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A Note on Procedural Literacy

The Clearance of the Porcelain Dogs
The Clearance of the Porcelain Dogs flickr photo by mcmorgan08 shared under a Creative Commons (BY-SA) license

We don’t need no coding knowledge to read. Except

In this view, programming has almost no connection with theoretical and philosophical considerations, with concept and aesthetics, with a design focus on human action and interpretation. This attitude is often adopted by new media scholars and practitioners, including game designers and game studies scholars, who may assume that the “mere” technical details of code can be safely bracketed out of the consideration of the artifact. …

By procedural literacy I mean the ability to read and write processes, to engage procedural representation and aesthetics, to understand the interplay between the culturally-embedded practices of human meaning-making and technically-mediated processes. With appropriate programming, a computer can embody any conceivable process; code is the most versatile, general process language ever created. Hence, the craft skill of programming is a fundamental component of procedural literacy, though it is not the details of any particular programming language that matters, but rather the more general tropes and structures that cut across all languages.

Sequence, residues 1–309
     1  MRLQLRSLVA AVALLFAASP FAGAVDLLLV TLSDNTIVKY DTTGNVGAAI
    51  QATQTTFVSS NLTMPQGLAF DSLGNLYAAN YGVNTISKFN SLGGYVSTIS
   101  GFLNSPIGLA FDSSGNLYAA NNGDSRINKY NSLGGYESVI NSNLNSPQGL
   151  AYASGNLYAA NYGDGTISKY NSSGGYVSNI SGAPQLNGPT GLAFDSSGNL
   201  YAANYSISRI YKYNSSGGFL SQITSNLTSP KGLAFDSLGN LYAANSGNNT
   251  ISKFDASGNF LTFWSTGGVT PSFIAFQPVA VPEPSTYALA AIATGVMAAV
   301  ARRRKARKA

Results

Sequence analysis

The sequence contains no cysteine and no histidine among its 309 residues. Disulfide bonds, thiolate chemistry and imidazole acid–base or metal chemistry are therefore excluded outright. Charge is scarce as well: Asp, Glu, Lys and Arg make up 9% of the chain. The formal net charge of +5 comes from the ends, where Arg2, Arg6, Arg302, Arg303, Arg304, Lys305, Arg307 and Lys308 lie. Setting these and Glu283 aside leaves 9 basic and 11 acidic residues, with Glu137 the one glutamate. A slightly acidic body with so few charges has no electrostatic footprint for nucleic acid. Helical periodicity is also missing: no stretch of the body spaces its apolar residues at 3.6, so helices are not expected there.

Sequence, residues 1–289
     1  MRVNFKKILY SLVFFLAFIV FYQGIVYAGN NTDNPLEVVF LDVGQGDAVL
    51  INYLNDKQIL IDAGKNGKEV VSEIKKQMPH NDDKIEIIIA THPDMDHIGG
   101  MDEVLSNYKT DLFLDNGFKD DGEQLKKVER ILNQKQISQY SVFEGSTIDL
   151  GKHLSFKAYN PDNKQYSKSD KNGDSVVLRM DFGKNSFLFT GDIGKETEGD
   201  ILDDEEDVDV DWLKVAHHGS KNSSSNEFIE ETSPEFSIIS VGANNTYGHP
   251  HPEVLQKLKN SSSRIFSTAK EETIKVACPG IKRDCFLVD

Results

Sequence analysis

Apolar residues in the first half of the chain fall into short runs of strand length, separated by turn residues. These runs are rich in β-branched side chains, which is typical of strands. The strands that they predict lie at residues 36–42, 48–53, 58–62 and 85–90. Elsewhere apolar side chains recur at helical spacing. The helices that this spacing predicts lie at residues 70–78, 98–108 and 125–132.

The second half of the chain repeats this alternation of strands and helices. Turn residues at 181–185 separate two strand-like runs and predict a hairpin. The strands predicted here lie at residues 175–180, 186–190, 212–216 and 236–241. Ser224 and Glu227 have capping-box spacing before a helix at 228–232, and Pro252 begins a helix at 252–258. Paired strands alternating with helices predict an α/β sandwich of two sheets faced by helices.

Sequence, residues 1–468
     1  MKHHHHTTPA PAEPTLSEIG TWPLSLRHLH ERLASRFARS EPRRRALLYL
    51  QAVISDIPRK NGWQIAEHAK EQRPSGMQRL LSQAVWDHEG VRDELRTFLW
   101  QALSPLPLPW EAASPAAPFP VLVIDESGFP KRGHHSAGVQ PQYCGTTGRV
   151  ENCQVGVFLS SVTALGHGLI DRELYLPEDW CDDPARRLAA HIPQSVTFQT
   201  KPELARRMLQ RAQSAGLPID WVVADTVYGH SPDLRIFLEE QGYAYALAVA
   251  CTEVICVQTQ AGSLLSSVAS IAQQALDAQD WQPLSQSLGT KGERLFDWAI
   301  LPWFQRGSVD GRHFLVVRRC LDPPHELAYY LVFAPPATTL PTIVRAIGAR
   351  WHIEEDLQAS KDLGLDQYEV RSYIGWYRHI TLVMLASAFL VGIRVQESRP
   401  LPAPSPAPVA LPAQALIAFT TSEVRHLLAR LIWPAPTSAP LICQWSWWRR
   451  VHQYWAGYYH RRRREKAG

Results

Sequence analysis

Procedural Literacy: Educating the New Media Practitioner – Michael Mateas | ETC Press

One Comment

  1. mcmorgan mcmorgan

    This post is a response to a recent exchange on the Tinderbox forum about mastering Tinderbox. Using TBX, it seems, demands thinking about procedures – what Berry and Fagerjord call “computational thinking”. I’d suggest that understanding what TBX is abut or why that would be valuable demands valuing procedural literacy. Procedural literacy is not something we’ve taught or valued in the humanities. It’s been underground.

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